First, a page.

So, the question is this: Why would a savvy operator like Reeg unload these properties at a distress price if he saw their potential for the new company? Case in point, the now flagship, Bally’s Park Place in Atlantic City-another property of which I am a c-suite alumni. I knew the place well during its halcyon days when it was a powerful presence in the slot business. Bally’s had a perfect storm going back then. It was located between two small properties that fed tons of free business into its spacious, wide-aisled casino floor.
Its 50c slot business and bottom line performance was the envy of competitors. Its table game hold percentage clustered around 18% vs. the industry average which ran around 14%-15%. The reason? Management eschewed chasing high end business and concentrated on higher hold grind, or recreational play avoiding much credit business. Its CEO, my then boss, Richard Gillman, was a margin crazy operator. “Pennies quickly turn into dollars,” he always said noting the urgency of cost containment in what was then and continues to be, an industry penchant for waste.
As to chasing high end business, he said, “We are in the gambling business, but we don’t gamble”. Our EBITDA was among the best in the town. That seems to be to be a viable matrix for BALY as an operational strategy going forward. If it can deliver better than average margins, it can produce EPS that would clearly attract investor conviction.
Post 2006, cannibalization and the financial crisis shrunken the AC gaming market to about half of its once lofty $5.2b.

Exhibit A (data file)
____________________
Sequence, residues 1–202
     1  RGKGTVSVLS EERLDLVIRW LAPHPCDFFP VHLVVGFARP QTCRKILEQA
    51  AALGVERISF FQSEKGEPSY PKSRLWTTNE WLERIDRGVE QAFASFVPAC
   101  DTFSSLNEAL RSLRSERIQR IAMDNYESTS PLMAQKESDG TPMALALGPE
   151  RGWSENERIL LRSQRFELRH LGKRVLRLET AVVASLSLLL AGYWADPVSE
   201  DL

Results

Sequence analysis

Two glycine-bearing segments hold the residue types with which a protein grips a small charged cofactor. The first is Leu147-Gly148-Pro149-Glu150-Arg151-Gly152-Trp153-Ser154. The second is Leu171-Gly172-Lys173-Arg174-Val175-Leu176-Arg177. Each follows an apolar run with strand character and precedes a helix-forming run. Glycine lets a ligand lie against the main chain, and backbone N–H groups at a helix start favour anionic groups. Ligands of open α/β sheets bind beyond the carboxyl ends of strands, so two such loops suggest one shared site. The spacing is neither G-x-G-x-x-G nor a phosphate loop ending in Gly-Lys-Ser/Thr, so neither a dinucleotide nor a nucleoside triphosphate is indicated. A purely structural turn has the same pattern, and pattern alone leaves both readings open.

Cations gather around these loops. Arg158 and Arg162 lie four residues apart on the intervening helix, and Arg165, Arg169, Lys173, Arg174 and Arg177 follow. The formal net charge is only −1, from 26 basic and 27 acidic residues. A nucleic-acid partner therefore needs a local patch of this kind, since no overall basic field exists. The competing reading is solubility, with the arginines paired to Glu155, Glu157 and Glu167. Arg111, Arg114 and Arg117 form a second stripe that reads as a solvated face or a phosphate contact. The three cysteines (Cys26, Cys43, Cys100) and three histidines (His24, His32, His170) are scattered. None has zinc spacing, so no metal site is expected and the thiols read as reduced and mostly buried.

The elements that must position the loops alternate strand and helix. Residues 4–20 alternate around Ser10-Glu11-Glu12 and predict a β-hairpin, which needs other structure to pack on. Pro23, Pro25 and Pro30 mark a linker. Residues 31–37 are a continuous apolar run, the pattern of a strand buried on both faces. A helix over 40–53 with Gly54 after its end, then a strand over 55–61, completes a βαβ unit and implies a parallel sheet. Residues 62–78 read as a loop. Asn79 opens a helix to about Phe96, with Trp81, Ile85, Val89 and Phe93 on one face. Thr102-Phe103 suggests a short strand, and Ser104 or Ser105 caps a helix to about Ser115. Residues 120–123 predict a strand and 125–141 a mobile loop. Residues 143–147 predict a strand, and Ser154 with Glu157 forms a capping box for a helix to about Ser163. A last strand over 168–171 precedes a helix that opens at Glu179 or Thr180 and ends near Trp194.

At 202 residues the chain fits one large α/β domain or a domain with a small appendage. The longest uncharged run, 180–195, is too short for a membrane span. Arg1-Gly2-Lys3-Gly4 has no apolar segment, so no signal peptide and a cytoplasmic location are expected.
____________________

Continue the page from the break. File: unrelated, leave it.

Between the Bally’s Park Place and its extension, Wild West, the property deteriorated into what can politely be characterized now as non-competitive. Its competitive possibilities in gaining share against the current market leaders will take one key move: A substantial renovation of the property must be in management’s crosshairs.
Consider that the very savvy Hard Rock management that acquired the Trump Taj Mahal and converted it to a re-themed Hard Rock property at a $500m investment. It is still in the throes of a struggle to accelerate performance in a shrinking market. And Hard Rock truly has an iconic international brand recognition and a CEO, who is an AC veteran who knows the market and the buttons that need pushing as well as anyone.
Sports betting in New Jersey has been of some help, but it can never reach a level where it can replace anything near the lost revenue stream of all properties in town. In fact, best estimates now are that as much as 22.5% of NJ sports betting revenue is coming from New Yorkers travelling minutes over the Hudson River to lay down action in nearby Jersey.
If and when New York awakens from its usual tone-deaf legislative and gubernatorial slumber and legalizes sports betting in the metro area, NJ apps will take a big hit.